Uranyl nitrate would be kept in a buffer tank and gradually injected into the precipitation tank in 2.4 kg (5.3 lb.) increments under the correct operating technique.
The fill level of the precipitation tank, which contained roughly 16 kg (35 lb.) of uranium, reached criticality in the tall and narrow buffer tank at around 10:35 A.M.
The technicians then added a seventh bucket of aqueous uranyl nitrate, enriched to 18.8% 235U, to the tank, bringing the level to the hazardous level. The amount of solution injected into the tank was about seven times the STA-specified allowable mass limit.
All Hell Breaks Loose
The correct steps for dissolving uranium oxide powder in a designated dissolution tank were mandated by the nuclear fuel conversion requirements listed in the 1996 JCO Operating Manual. The buffer tank’s tall, narrow form was intended to contain the solution and avoid criticality securely. On the other hand, the precipitation tank was intended to retain a limited supply of this kind of solution.
It was favorable to criticality because of its wide cylindrical architecture. The workers added the uranyl nitrate to the precipitation tank instead of the buffer tanks. Instantaneously, uncontrolled nuclear fission started.
As a result, a self-sustaining nuclear fission chain formed, producing powerful gamma and neutron radiation. At the time of the incident, Shinohara was standing on a platform to help pour the solution while Ouchi had his body draped over the tank.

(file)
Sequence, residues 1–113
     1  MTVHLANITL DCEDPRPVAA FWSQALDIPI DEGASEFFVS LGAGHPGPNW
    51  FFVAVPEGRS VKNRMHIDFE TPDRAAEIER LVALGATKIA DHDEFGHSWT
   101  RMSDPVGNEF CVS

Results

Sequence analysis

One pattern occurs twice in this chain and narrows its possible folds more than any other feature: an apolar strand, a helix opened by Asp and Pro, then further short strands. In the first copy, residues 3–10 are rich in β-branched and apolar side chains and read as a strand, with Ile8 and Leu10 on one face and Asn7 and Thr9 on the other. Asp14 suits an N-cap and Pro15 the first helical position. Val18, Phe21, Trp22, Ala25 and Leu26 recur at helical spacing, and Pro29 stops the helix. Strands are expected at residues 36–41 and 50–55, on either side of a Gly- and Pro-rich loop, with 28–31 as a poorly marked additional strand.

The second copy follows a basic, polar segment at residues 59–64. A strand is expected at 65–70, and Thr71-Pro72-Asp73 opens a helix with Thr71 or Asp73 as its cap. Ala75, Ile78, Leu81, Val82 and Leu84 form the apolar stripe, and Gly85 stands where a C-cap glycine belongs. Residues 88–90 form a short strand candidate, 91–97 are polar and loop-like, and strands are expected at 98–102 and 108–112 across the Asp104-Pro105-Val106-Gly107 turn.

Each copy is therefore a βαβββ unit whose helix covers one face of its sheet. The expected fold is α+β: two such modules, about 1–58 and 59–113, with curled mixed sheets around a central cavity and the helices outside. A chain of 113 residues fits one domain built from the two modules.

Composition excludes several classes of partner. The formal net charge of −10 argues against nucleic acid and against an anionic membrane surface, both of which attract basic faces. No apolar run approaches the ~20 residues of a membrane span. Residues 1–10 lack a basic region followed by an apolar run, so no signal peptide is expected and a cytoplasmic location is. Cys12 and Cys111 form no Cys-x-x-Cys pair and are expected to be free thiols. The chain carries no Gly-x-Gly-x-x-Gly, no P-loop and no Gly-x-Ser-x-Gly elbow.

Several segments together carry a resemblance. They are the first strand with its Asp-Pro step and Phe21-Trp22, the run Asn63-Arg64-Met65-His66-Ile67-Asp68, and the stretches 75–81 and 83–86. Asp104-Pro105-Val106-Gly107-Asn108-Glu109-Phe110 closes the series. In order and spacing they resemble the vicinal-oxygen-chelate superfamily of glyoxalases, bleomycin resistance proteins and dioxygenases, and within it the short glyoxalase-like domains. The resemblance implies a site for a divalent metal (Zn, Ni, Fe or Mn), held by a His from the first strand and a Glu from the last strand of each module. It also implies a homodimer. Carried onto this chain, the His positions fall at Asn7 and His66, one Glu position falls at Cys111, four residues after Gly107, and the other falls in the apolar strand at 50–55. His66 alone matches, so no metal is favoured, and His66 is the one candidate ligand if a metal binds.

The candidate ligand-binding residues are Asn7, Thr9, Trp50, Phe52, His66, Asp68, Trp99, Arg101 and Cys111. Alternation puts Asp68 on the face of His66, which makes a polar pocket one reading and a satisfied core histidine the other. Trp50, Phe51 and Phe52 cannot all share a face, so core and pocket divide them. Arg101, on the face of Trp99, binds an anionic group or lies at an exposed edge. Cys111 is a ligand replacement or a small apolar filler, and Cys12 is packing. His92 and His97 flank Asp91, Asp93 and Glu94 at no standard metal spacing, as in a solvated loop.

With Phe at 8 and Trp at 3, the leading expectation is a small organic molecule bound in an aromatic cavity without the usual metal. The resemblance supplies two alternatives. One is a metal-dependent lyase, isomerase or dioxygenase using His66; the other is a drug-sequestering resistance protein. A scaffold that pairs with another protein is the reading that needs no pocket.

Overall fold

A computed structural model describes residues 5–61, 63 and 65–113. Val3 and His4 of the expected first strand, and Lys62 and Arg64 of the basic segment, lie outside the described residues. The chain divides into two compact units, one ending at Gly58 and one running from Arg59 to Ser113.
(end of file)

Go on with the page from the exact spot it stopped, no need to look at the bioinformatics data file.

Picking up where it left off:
Yokokawa was four meters away at a desk. Gamma radiation alarms rang, and all three technicians saw a blue flash (probably Cherenkov radiation). The fission reaction generated ongoing chain reactions over the course of the following several hours.
Radiation Poisoning: Dead Men Walking
Both Ouchi and Shinohara experienced pain, nausea, and breathing difficulties immediately. They both went to the decontamination area, where Ouchi puked. The person who was exposed to the most radiation was Ouchi, who experienced immediate problems with coherence, mobility, and loss of consciousness.
According to an article in the Bulletin of the Atomic Scientists, the personnel accidentally put too much uranium in the tank since they needed to gain prior expertise in handling uranium with that level of enrichment. They unintentionally started an uncontrollable nuclear chain reaction, or what is known as a “criticality accident” in nuclear terms.
In the history of nuclear accidents, Ouchi, who was the closest to the nuclear reaction, likely experienced one of the highest radiation doses. He was going to experience a terrible fate that would serve as a warning about the dangers of the Atomic Age.
The paper in the Bulletin of the Atomic Scientists was co-authored by physicist Edwin Lyman and his colleague Steven Dolley. According to Lyman, “the most obvious lesson is that when you’re working with [fissile] materials, criticality restrictions are there for a reason.”
The three workers were forced to leave the premises after excessive levels of gamma radiation reached critical mass and triggered the building’s alarms. The three employees needed to be made aware of the consequences of the event or the requirements for reporting.